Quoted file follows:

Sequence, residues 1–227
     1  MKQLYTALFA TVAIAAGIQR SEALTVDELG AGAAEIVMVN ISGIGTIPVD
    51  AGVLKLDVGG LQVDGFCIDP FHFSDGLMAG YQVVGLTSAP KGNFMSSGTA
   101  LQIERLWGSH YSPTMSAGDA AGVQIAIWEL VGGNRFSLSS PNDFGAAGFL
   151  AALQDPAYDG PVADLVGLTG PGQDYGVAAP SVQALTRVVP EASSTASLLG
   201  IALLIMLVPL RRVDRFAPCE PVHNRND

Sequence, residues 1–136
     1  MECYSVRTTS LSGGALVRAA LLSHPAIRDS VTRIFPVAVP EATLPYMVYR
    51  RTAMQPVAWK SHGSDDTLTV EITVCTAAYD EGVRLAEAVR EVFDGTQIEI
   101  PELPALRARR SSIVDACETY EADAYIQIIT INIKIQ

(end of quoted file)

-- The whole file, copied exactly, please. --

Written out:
Sequence, residues 1–227
     1  MKQLYTALFA TVAIAAGIQR SEALTVDELG AGAAEIVMVN ISGIGTIPVD
    51  AGVLKLDVGG LQVDGFCIDP FHFSDGLMAG YQVVGLTSAP KGNFMSSGTA
   101  LQIERLWGSH YSPTMSAGDA AGVQIAIWEL VGGNRFSLSS PNDFGAAGFL
   151  AALQDPAYDG PVADLVGLTG PGQDYGVAAP SVQALTRVVP EASSTASLLG
   201  IALLIMLVPL RRVDRFAPCE PVHNRND

Sequence, residues 1–136
     1  MECYSVRTTS LSGGALVRAA LLSHPAIRDS VTRIFPVAVP EATLPYMVYR
    51  RTAMQPVAWK SHGSDDTLTV EITVCTAAYD EGVRLAEAVR EVFDGTQIEI
   101  PELPALRARR SSIVDACETY EADAYIQIIT INIKIQ